Journal of Engineering Mechanics ASCE, 124 (1998), 842-851.
ANALYSIS OF ROTATING CRACK MODEL
Milan Jirásek and
Swiss Federal Institute of Technology
The paper extends the standard rotating crack model to a formulation
with multiple orthogonal cracks. The corresponding stress evaluation
algorithm is described, and a new derivation of the tangent stiffness
matrix is presented. The derivation is extended to the case of equal
principal strains, in which the classical formula for the tangent
shear modulus fails. A condition excluding snapback of the stress-strain
diagram for an arbitrary loading path is derived.
Attention then shifts to stress locking, meaning here spurious stress
transfer across widely opening cracks. The problem is illustrated
by numerical examples. The mechanism of stress transfer is thoroughly analyzed,
and the source of locking is detected.
A remedy and extension of the model to a nonlocal formulation
will be described in a separate paper.
Summary and Conclusions
The rotating crack model has been extended to a formulation with multiple
orthogonal cracks. If the stress-cracking strain curve is not too steep,
the response of the model is unique in the sense that, for any
strain increment, only one combination of loading/unloading assumptions
for the cracking directions leads to an admissible solution.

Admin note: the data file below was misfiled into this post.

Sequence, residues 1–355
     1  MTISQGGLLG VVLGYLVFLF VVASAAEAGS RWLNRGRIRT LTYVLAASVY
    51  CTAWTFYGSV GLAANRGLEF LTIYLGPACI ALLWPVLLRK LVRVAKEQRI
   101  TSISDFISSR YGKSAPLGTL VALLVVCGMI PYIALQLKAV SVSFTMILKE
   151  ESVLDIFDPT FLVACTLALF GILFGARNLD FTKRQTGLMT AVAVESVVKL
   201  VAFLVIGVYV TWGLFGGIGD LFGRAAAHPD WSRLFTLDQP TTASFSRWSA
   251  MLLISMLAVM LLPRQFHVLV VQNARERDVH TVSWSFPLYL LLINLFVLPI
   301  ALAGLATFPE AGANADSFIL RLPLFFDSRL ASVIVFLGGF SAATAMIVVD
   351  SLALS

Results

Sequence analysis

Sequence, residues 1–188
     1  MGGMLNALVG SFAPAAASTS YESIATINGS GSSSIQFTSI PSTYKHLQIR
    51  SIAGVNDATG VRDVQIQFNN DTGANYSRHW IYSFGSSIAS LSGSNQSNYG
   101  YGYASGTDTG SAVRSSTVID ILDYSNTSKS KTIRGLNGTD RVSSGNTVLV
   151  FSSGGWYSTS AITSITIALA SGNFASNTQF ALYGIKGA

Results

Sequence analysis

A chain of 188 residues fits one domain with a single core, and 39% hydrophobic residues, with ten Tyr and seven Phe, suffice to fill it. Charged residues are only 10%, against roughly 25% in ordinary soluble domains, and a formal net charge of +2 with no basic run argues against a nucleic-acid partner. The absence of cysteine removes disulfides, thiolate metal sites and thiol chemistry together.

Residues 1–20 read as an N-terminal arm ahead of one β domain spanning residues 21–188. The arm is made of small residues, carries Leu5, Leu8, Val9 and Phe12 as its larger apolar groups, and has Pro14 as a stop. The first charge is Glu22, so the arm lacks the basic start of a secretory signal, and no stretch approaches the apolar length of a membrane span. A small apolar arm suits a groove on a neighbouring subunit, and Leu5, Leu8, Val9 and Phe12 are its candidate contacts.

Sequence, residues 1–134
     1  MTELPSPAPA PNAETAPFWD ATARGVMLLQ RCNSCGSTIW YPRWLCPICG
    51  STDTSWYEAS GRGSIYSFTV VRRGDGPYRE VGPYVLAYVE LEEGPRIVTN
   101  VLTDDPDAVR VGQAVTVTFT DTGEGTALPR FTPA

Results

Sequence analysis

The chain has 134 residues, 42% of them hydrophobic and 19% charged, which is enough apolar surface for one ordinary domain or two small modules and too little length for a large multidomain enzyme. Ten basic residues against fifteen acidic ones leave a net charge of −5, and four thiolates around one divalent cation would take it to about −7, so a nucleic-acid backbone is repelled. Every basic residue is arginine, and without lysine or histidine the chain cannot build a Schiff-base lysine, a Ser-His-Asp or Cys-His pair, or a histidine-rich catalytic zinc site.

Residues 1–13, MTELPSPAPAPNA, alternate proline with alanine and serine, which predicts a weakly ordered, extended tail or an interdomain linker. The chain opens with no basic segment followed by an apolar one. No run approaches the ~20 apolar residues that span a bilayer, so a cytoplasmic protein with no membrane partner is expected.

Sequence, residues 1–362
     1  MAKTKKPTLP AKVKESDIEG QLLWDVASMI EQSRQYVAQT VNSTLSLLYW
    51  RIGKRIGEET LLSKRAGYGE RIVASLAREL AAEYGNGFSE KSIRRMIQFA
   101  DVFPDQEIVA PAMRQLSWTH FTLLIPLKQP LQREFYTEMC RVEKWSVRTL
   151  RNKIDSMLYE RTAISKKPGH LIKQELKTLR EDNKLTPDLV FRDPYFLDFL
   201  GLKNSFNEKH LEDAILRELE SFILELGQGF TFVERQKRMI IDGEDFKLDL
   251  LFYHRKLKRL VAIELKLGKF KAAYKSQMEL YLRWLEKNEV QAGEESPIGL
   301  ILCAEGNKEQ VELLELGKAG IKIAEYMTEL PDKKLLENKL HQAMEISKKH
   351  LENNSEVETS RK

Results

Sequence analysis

In certain situations, the rotating crack model (even with a single crack)
fails to give a consistently defined response. This happens if two or three
principal strains are equal while the strain histories in the corresponding
principal directions are different. If the strains are equal only at one
isolated time instant, the tangent shear stiffness has a singularity
but the problem can still be handled numerically. However, if the strains
remain equal for a certain period of time,
the generated stress cannot be consistently
derived from the basic assumptions of the model.
Misalignment of the macroscopic crack (cracking band) direction with the sides
of the finite elements leads to spurious stress transfer across a widely
opening crack, which might produce a completely unrealistic structural
response. The source of this type of stress locking is the normal stress
in the lateral principal direction. Due to misalignment of the principal
axes with the overall crack direction, the lateral stress contributes to
internal forces orthogonal to the macroscopic crack.
Spurious cohesive stress transfer across the cracking band induces
secondary cracking, and it might even affect the final failure pattern.
Spurious stress transfer can be alleviated by combining
the rotating crack model with a scalar damage model.
Please send me an email
if you wish to receive the complete paper.
24 August 1998 /